Many hobbies exist that can fulfill people’s lives, whether that be reading, writing, building Lego models, baking… the list could go on and on! These different hobbies can improve your life for reasons x, y, and z. But, is there one hobby that has more to offer than the rest?
Many would argue learning a musical instrument makes it to the top of the list. But, why?
Here are a number of benefits you gain from learning how to play musical instruments:
- Strengthens Your Brain
Music can strengthen the brain. However, research shows that in order to reap the full benefits that music has to offer, you have to do more than sit in a music class or listen to it on the radio. What better way to guarantee interaction with music than to learn to play a musical instrument?
Luckily, there are many different musical instruments to choose from, and these include:
- And so many more
Some of the easiest instruments to learn are included in the above list. It’s suggested to try out a few different instruments before deciding which one to take on.
Listening to or playing a musical instrument engages your brain in ways other activities can’t. There’s more that goes into interpreting music than many realize. There’s structure, math, and architecture involved that your brain must compute to make sense of. Practicing this not only makes your brain stronger, but keeps it from aging, aids in your creativity, and helps to recall old memories.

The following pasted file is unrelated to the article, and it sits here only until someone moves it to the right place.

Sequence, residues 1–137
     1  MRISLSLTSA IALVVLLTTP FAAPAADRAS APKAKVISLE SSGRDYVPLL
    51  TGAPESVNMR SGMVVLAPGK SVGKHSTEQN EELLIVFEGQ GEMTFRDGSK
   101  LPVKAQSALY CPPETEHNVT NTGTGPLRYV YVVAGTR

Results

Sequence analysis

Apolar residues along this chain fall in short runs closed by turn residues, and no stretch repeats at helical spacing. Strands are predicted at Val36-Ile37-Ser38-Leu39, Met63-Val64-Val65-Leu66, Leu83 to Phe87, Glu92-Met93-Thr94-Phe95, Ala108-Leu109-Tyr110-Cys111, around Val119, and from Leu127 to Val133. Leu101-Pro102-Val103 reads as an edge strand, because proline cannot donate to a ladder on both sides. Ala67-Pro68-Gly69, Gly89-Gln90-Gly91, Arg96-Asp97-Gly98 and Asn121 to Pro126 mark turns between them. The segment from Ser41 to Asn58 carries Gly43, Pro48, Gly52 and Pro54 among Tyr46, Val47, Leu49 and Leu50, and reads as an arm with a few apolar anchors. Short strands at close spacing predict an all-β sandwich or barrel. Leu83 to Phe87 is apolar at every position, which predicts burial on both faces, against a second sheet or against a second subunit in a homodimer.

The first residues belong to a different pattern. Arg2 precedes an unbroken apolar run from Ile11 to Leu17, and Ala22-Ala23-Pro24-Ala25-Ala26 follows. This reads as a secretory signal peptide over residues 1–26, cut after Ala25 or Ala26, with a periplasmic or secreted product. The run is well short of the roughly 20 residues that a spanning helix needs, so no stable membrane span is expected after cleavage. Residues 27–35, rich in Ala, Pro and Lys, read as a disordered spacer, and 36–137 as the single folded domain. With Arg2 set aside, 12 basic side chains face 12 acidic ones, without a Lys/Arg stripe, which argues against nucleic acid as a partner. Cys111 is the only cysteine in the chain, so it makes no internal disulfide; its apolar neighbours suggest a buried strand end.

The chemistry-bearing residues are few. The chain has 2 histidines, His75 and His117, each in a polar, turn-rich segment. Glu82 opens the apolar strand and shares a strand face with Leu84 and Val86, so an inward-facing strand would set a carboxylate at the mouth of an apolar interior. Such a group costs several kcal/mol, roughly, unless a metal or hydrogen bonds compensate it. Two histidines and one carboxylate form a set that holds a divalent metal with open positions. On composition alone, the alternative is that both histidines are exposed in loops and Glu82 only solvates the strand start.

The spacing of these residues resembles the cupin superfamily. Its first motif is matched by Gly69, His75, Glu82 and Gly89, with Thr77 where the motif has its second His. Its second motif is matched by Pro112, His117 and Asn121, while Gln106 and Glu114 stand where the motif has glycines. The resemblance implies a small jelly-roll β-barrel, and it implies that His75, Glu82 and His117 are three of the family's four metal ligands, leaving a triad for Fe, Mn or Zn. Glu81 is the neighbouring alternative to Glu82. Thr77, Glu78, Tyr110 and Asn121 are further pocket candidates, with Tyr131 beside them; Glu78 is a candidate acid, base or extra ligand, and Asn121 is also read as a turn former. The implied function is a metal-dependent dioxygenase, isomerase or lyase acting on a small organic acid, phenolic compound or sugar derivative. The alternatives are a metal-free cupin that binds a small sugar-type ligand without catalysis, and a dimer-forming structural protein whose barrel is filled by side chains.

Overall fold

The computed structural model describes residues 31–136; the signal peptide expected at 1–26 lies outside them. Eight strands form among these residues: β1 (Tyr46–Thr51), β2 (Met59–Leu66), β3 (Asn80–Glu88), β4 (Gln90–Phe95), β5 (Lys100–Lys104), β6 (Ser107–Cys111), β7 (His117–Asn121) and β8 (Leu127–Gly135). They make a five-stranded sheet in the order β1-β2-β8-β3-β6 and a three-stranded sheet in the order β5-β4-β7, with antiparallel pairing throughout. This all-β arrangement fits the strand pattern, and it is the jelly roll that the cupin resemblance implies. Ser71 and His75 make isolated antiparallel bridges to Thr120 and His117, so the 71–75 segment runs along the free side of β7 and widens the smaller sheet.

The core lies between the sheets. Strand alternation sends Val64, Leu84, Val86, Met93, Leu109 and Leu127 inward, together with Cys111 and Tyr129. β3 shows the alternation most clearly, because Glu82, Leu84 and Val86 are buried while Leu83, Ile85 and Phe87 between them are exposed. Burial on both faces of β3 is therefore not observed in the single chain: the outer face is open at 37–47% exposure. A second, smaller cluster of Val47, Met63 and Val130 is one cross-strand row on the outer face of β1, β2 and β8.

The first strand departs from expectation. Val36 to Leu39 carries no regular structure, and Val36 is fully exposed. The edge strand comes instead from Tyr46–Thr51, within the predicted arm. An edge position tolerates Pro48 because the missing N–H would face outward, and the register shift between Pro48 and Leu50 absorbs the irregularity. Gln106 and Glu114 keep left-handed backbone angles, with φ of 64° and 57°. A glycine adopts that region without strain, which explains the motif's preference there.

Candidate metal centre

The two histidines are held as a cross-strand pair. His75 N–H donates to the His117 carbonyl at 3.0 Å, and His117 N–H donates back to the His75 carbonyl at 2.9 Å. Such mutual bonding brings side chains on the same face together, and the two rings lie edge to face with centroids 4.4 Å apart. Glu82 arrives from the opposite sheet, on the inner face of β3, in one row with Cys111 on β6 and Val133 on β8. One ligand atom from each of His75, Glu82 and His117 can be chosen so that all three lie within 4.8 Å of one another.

Learning a new instrument can be great for the brain—what squats are to legs—a great workout that makes your brain stronger in the long run.
Like crossword puzzles and Sudoku, playing musical instruments help to enhance three main things:
- Verbal memory: remembering what you read or hear
- Spatial reasoning: ability to think about objects dimensionally and draw conclusions about them with limited information
- Literacy skills: skills you need for reading and writing, like vocabulary, spelling, and comprehension
- Improves Social Life
A person’s social life can be greatly improved simply by joining fellow musicians. Having something in common with others helps build relationships by increasing cooperation with others. Making music with another person releases endorphins in the brain, the same as having a conversation with a good friend brings you immense pleasure.
Music can also help to create empathy between two people who play together, evoking emotions that bring the two closer together. If you take your music to the public, like the London Sinfonietta did for their 50th anniversary season, it will help build social skills and bring you closer to those who may not be playing instruments themselves, but enjoy listening.
Another bonus of working closely with others who have similar interests as yours is that you get to learn more about teamwork. Whether you’re learning to play one-on-one with an instructor or with fellow musicians, the act of learning to play an instrument is done between more than one person. You must be willing to work with an instructor or band mate to ensure success for both parties.
The skill of teamwork that’s learned in rehearsals can, then, be rolled over into other aspects of your life.